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PoopSmith87 t1_j6ec4d1 wrote

If the break is before the meter, it wouldn't be on the bill. Nevermind the bill, in a Long Island home with a metered leak, you'll actually hear the meter buzzing away in the basement.

Weather is pretty unlikely, Long Island generally is not prone to sink holes as it lacks the "soft bedrock" geology that leads to them. Long Island is basically a long, extended sandbar that was pushed up by a glacier, sand and tumbled rocks, there just isn't any kind of limestone or carbonate bedrock to cause sinkholes


dominus_aranearum t1_j6egqb7 wrote

If before the meter, I get they wouldn't see it and it would depend how long a leak had been there and how often the water company monitored the difference between their output meter and a homeowners use meter. Ours are read bi-monthly.

We have glacial till where I am so digging holes by hand is super fun, more rock than dirt in each shovelful. Can't see sink holes happening here either unless there was some solid surface above it. However, I have seen abundant amounts of rain overwhelm drainage and undermine the ground around houses from time to time. I've also seen rain water running down a hill a few inches under the surface, only noticed when it was coming up through a friends water meter box. We also have underground springs that will wash stuff out over time.

It will be interesting to see if the findings are newsworthy. Not counting on it.

Thank you for the actual conversation. I wish more people could dialogue.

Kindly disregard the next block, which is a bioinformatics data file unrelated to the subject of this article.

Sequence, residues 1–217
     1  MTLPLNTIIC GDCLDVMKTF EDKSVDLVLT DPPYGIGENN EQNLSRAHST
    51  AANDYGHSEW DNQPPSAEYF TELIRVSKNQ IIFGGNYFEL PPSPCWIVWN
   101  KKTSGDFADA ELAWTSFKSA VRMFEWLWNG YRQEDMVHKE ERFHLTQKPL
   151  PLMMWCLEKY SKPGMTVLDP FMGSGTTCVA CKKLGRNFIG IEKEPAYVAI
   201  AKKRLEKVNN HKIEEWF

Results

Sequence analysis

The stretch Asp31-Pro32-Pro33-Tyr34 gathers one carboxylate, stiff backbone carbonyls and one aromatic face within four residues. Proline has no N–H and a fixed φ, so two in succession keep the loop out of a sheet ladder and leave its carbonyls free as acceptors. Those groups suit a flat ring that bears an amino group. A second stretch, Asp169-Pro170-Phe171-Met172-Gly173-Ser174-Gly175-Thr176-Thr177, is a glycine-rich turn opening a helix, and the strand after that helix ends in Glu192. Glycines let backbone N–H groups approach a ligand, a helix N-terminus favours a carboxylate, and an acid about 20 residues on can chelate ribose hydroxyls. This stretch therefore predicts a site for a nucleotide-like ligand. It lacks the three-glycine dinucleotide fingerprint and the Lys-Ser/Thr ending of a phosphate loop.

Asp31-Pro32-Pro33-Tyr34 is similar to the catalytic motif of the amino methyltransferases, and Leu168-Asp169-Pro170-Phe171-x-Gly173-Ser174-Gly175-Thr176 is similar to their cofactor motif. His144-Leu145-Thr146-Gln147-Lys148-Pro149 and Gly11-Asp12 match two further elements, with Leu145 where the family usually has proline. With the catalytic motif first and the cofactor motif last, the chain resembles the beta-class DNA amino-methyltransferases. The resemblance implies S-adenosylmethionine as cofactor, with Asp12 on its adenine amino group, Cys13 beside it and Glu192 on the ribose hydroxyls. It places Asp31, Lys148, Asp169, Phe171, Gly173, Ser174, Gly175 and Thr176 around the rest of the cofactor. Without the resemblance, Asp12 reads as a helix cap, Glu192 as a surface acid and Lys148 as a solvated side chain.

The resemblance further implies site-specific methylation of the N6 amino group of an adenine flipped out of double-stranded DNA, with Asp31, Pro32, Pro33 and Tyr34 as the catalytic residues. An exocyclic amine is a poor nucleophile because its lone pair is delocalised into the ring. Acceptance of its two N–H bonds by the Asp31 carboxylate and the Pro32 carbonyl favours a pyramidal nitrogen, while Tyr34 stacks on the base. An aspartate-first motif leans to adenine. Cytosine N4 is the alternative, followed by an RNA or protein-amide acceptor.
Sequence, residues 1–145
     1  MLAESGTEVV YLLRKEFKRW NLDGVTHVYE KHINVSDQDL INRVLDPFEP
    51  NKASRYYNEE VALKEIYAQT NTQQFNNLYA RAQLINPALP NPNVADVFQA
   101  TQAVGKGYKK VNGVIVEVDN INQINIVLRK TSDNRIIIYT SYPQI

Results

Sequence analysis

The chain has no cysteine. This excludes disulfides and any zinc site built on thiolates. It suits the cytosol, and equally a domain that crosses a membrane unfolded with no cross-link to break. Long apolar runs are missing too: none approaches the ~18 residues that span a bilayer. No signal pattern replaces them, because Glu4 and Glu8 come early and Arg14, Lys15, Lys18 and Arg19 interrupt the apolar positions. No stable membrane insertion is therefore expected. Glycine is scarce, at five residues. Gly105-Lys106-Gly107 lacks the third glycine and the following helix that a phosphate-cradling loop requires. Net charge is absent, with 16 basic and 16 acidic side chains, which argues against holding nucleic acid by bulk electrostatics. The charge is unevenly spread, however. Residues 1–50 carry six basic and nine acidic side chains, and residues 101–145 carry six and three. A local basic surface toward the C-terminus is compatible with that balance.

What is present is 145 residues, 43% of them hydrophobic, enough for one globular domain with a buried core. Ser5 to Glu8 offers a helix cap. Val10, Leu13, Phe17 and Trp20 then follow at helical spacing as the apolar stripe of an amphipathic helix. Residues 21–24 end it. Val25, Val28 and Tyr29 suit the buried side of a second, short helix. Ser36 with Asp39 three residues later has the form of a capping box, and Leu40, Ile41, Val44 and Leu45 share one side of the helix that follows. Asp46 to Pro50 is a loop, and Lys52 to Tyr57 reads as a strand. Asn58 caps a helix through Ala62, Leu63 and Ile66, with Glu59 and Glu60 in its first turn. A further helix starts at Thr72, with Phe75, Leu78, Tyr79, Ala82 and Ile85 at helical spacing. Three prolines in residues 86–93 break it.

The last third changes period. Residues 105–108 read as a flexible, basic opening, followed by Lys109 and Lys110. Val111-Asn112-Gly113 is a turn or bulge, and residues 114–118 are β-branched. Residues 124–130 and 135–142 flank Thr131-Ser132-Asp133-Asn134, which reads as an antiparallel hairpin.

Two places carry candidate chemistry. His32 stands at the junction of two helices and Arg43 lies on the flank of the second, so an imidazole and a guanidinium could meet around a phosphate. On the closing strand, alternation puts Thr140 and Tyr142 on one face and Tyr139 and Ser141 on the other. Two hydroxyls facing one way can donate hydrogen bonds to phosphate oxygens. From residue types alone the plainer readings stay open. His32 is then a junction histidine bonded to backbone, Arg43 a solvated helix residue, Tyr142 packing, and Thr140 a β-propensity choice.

PoopSmith87 t1_j6emwa5 wrote

Yeah, it's all conjecture as of now.

My uninformed but kinda smort guess is that it was a quick, massive failure before the meter, or possibly with irrigation that was on an off meter well (a common setup here). Long Island, being a sandbar, gives way to water pretty easily, so it would be quick work for a 1.5" high pressure main to excavate that cavity. I once saw very large main at a horse farm that left a crater big enough to hide a school bus in the ~30 seconds it took to shut down. If this was a normal residential main running all night, this size hole is totally possible. Because it's a grass yard, and a frozen one at that, the grass roots holds up the top 6" and viola, you have a hidden deathtrap.

If I'm right, her sand got pushed down into the water table, or gushed out all over her yard on the edges.


dominus_aranearum t1_j6fcxfl wrote

>saw very large main at a horse farm that left a crater big enough to hide a school bus in the ~30 seconds it took to shut down.

I used to build houses. Heard an excavator hit a water main in a cul-de-sac. Not sure the size but it made a very big hole very quickly. Took a few minutes to find someone with the proper tool to shut water off for the entire street. Good thing it was at the top of a hill. =)